retail news in context, analysis with attitude

This commentary is available as both text and video; enjoy both or either ... they are similar, but not exactly the same. To see past FaceTime commentaries, go to the MNB Channel on YouTube.

Hi, Kevin Coupe here, and this is FaceTime with the Content Guy, coming to you yet again from the campus of Portland State University in Oregon.

Tonight is my last class of the summer here at Portland State, and, alas, my 2015 "adjunctivity" will come to an end. Except that it won't, not really, because I'm lucky enough to have a continuing relationship with this school, Tom Gillpatrick and the folks who have turned the Center for Retail Leadership into a remarkably vibrant player in the area's food and retail scene, and with the students, who still send me emails from time to time. Besides, tonight may be my last class of this semester, but there still will be exams to grade...

Part of what makes this class, and the Center for Retail Leadership, so special is the connection to the local community. For example, tonight we're actually doing our class in a New Seasons store, and I want to thank CEO Wendy Collie for making it possible. Our feeling was that you can only learn so much in the classroom...and I'm really looking forward to our time there tonight.

When we're in the classroom, we've been lucky enough to have some fascinating folks come in to visit with us ... people like Mike Burrington, who has forgotten more about e-commerce than i'll ever know; Erik Wolf, who practically invented the concept of food tourism); Todd Cornwell of Franz Bakeries, who came in to talk with us about branding; and Bruce Silverman, who might be best described as a born-again entrepreneur. All great folks who taught us a lot ... and, by the way, if you'd like to join us in class next summer, just drop me an email.

As it happens, the first guest we had in class was David Howitt. I wrote about David a couple of months ago after he appeared on a panel I did at PSU's annual executive conference, but since then I've had a chance to read his book, "Heed Your Call," and I want to recommend it to you. You can find it on Amazon here.

"Heed Your Call" is a fascinating work, mixing in philosophy, spirituality, art, commerce...and even some movies. (I love that he references Lord of the Rings and Star Wars, among others.) His premise is that business can be purpose-driven beyond just making a profit ... though make no mistake, he is a capitalist and believes in profit. But Howitt also believes that businesses can change the world for the better, and he takes us through his own journey from what he calls "the abyss" of being a lawyer through his own discovery of entrepreneurial talents and abilities he didn't even know he had, which has allowed him to help shape businesses of consequence.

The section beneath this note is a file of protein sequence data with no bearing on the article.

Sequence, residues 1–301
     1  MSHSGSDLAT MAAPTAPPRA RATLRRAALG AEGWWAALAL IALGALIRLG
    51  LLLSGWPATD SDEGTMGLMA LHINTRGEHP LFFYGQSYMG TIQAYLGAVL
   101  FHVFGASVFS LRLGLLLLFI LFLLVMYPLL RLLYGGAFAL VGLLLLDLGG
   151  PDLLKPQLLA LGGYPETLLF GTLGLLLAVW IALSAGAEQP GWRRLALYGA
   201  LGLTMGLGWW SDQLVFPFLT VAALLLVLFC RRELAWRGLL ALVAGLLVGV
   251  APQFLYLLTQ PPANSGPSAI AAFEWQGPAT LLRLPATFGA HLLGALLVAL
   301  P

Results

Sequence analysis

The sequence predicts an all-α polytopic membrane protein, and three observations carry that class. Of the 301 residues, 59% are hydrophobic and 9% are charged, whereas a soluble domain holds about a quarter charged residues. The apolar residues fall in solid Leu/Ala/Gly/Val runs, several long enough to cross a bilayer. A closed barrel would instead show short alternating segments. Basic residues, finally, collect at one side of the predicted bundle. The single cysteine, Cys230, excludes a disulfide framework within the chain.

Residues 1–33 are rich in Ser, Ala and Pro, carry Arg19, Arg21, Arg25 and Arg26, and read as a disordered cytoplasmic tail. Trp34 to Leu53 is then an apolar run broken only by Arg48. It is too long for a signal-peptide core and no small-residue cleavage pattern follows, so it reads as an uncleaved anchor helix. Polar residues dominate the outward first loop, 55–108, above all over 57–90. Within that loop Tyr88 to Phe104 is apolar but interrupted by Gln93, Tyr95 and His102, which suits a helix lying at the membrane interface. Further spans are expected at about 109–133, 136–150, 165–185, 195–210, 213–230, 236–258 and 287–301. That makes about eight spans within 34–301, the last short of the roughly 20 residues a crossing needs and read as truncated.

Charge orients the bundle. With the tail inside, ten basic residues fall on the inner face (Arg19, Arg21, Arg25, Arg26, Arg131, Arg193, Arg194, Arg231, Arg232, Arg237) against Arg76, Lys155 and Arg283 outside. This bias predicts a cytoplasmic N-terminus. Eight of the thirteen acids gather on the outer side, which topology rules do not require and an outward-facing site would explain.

I loved this book, and I loved that David came to class to share his philosophy with us. To me, what he is doing ... and certainly what Tom Gillpatrick and I tried to do with our students each week ... is summed up in a story he tells in "Heed Your Call" about a grandfather talking to his grandson.

"There are two wolves living inside each of us," the grandfather says. "One is good, living in harmony with the earth, hurting no one, and will only fight when the fight is good and just and right. He believes in hope, generosity, and empathy. The other is evil, and survives on anger, arrogance and jealousy ... he is filed with hate, and will fight for the sake of fighting. And these two wolves inside us are constantly fighting for domination."

"Which wolf wins?" the young boy says to his grandfather.

The grandfather smiles. "The one you feed," he says.

In class each week, and here on MNB, I hope we're feeding the good wolf.

That's what is on my mind this Wednesday morning, and as always, I want to hear what is on your mind.

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